Singapore Airlines reroutes some flights to avoid North Korean missiles

Marie Harrington
December 6, 2017

The Hong Kong-headquartered Cathay Pacific, which is considered one of the safest airlines in the country, said it has no plans of rerouting any of its flights. The flight crew reported the incident about the suspected sighting at 2.18am Hong Kong time meaning the pilots could have watched the re-entry of the missile into the atmosphere.

According to Channel NewsAsia, the move has come after the July 27 missile launch by North Korea into the Sea of Japan, Singapore Airlines said on Tuesday. The network reported that the launch was seen by two South Korean aircraft traveling to Seoul from the United States. After the North launched dozens of rockets and ballistic missiles that year, South Korea complained to the United Nations Security Council and global aviation and maritime organizations about the lack of warning.

In a message to employees obtained by the South China Morning Post, Cathay Pacific's general manager of operations, Mark Hoey said "today the crew of CX893 reported, 'Be advised, we witnessed the DPRK missile blow up and fall apart near our current location'". "We remain alert and review the situation as it evolves".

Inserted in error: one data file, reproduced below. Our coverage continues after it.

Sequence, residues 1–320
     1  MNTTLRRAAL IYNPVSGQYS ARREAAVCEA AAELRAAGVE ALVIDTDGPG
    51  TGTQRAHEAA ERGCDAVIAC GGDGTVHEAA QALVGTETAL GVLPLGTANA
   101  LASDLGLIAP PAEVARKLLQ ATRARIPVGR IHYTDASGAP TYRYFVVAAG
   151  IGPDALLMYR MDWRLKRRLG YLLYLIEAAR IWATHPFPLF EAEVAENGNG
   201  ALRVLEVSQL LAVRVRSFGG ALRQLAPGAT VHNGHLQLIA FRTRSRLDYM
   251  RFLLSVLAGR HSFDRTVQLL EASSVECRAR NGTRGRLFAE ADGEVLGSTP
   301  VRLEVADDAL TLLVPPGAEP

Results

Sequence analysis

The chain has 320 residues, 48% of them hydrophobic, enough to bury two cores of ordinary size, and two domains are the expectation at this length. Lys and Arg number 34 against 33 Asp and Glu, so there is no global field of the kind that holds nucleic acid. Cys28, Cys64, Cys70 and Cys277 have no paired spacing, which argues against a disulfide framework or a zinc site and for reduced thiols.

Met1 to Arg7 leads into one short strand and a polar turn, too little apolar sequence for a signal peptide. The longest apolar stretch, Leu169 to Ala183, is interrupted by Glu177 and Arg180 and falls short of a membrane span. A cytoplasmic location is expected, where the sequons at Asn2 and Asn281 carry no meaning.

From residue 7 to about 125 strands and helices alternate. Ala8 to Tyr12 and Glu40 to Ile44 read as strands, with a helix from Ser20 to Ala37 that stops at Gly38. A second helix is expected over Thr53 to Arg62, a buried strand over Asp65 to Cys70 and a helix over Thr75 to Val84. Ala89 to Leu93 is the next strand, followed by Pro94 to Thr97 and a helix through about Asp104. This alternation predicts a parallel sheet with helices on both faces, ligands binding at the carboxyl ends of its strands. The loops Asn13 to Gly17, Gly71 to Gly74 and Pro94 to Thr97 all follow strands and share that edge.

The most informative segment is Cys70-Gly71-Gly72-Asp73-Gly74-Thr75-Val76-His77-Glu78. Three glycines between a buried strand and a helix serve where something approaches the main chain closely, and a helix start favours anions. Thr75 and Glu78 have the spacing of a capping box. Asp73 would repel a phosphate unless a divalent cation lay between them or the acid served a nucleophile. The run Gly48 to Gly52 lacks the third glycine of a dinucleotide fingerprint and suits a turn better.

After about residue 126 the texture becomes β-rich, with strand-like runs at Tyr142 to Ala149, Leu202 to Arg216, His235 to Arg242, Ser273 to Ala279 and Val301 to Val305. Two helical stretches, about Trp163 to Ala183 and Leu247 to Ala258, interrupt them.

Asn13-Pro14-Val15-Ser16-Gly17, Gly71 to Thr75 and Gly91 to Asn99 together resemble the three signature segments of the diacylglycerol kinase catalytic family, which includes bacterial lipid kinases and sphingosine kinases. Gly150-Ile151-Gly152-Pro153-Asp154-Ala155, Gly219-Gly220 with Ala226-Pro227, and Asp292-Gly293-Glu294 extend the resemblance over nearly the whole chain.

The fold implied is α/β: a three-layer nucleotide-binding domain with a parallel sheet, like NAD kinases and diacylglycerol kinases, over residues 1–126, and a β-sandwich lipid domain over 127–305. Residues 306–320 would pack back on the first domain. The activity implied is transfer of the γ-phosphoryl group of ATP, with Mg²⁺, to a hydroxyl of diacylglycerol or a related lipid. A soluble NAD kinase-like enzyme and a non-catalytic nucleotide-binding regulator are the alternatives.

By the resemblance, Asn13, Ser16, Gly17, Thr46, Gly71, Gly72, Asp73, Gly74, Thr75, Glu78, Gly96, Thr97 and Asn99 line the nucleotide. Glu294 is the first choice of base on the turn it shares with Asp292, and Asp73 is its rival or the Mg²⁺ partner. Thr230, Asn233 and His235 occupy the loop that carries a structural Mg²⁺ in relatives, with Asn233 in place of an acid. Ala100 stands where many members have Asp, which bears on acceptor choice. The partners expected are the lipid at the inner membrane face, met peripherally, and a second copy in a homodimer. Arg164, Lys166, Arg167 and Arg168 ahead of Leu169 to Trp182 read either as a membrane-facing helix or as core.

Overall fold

In October, the ICAO condemned Pyongyang for its continued launching of ballistic missiles and urged the country to comply with global aviation standards.

North Korea does not typically announce their missile tests, which catch the world by surprise.

It also claimed the Hwasong-15 missile fired Wednesday can be tipped with a "super-large heavy warhead" capable of striking the whole United States mainland.

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But analysts note the missile would require a re-entry vehicle that could withstand the heat and pressure of descent to deliver an intact nuclear warhead to the ground.

North Korea's new missile was reportedly a new type of nuclear-capable ICBM called the Hwasong-15.

The operators insist the missile flew far from the flight's path and at no point posed a threat to the aircraft.

According to Senator Lindsey Graham (R-S.C.), that is a comment that needs to be taken seriously.

He said that the Security Bureau and Civil Aviation Department should establish a panel to work with officials with South Korea, Japan and Russian Federation, for better intelligence sharing over related military movements, the Morning Post wrote.

"We're not going to let this insane man in North Korea have the capability to hit the homeland", he said.

Other reports by TheSundaySentinel

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